Council also voted to pass legislation to simplify requirements for street vendors as first set of bills based on Street Vendor Advisory Board report recommendations

City Hall – Today, the New York City Council voted to pass legislation that would increase e-bike regulations in the interest of improved safety. Over the past few years, as e-bikes, e-scooters and powered mobility devices have become more prevalent, the City has experienced a rapid increase in lithium-ion battery related fires in both residential and commercial properties that not only destroy property but result in injuries and fatalities. This legislation is part of the Council’s ongoing efforts to mitigate the dangers of lithium-ion batteries and improve fire safety city-wide.

The Council also voted on bills to simplify mobile vendor requirements. These include the first phase of bills to implement recommendations of the Street Vendor Advisory Board, which was established by Local Law 18 of 2021 and consists of various stakeholders, including vendor advocates and brick-and-mortar business representatives

“Deadly fires caused by lithium-ion batteries that power electric mobility devices are having an increasingly devastating toll on New Yorkers and communities across the city,” said Speaker Adrienne Adams. “These preventable tragedies must be curbed to save lives, and the Council continues to take action to advance critical solutions. We’re also proud to pass legislation to modify certain street vending requirements, as recommended by the Street Vendor Advisory Board, to help us have a successful economy. I thank my Council colleagues for their support in passing today’s legislation.”

Improving E-Bike Safety Protocols

Introduction 19-A, sponsored by Council Member Gale Brewer, would require all businesses that sell e-bikes, e-scooters and other personal mobility devices powered by batteries, to post lithium-ion or other storage battery safety informational materials and guides. Such materials and guides would be required to be posted both in physical stores and on online retail platforms. A violation would be subject to civil penalties ranging from $150 to $350 per violation.

Introduction 21-A, sponsored by Council Member Gale Brewer, would enhance enforcement efforts around the sale and rental of uncertified powered mobility devices, such as e-bikes and e-scooters. It would give the Fire Department enforcement authority of these laws, increase penalties for illegal device sales, and give the Department of Consumer and Worker Protection and the Fire Department sealing authority for repeat violators.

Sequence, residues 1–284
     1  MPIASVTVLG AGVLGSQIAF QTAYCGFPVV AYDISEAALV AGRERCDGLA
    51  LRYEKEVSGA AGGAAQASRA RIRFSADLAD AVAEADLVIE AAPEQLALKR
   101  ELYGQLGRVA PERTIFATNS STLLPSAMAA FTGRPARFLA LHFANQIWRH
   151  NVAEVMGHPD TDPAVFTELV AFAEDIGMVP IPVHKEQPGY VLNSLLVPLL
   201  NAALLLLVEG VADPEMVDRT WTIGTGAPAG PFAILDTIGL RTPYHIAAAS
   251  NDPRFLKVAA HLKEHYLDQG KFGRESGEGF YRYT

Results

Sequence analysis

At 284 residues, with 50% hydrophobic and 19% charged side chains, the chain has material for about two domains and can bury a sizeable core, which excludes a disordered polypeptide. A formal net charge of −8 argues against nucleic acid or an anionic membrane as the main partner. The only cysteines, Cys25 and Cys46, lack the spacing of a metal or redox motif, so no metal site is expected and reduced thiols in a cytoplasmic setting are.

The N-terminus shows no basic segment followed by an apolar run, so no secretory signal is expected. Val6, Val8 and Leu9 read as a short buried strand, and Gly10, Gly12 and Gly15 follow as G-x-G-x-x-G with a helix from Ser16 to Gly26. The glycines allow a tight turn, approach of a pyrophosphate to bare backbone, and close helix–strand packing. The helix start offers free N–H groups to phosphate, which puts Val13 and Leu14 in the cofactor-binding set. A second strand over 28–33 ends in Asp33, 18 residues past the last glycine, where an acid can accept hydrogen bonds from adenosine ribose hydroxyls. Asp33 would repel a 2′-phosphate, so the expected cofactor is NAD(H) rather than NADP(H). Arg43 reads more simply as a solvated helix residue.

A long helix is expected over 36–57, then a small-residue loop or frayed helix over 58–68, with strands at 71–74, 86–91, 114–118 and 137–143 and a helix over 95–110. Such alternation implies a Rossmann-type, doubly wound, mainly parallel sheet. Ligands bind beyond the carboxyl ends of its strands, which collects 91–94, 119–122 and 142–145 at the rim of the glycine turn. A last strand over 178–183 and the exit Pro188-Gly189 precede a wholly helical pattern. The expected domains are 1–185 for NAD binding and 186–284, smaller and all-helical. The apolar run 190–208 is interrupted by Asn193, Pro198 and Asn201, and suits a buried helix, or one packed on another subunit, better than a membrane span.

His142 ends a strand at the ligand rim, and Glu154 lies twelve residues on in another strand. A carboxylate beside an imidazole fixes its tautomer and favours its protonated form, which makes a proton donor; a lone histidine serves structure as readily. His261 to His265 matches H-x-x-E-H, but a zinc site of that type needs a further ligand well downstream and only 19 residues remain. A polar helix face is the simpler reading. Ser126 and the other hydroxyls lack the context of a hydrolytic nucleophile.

“Prioritizing e-bike safety and mitigating lithium-ion battery fire risks are vital for public safety and the promotion of sustainable transportation solutions,” said Council Member Gale Brewer. “So far in 2024, we’ve seen over 30 e-bike related fires, intensifying the need for more public information about best practices for lithium-ion battery safety, which is why Intro 19-A is so important. The City also needs stronger enforcement capabilities to seal unsafe battery shops, and that’s exactly what Intro 21-A provides.”

Streamlining Requirements for Mobile Vendors

Introduction 49-A, sponsored by Council Member Julie Menin, would allow mobile food vendors to display or store goods on top of their carts, and it would simplify the display requirements for general vendors. Additionally, this bill would repeal the City’s bookkeeping requirements for general vendors and mobile food vendors.

Introduction 50-A, sponsored by Council Member Julie Menin, would eliminate the requirement that individual employees of mobile food vending carts or trucks each have a New York State Certificate of Sales Tax Authority. This bill would also eliminate the requirement that mobile food vendors and general vendors obtain a tax clearance certificate upon renewal of a license or permit.

Introduction 51-A, sponsored by Council Member Julie Menin, would prohibit general vendors and mobile food vendors from vending in bicycle lanes. A bicycle lane would be defined as a portion of the roadway that is marked off or separated for the preferential or exclusive use of bicycles. This bill would clarify that vendors cannot operate or leave their items in bicycle lanes.

“As Chair of the Committee on Consumer and Worker Protection, I am proud to have sponsored three pieces of legislation that were recommendations from the Street Vending Advisory Board’s 2022 report,” said Council Member Julie Menin. “This package of bills aims to streamline regulations for street vendors, remove unnecessary requirements for mobile food vendor employees, and ensure safer streets by prohibiting vending in bike lanes. These bills represent a step forward in supporting our vibrant street vending community and I am grateful to the Speaker for bringing these bills to a vote.”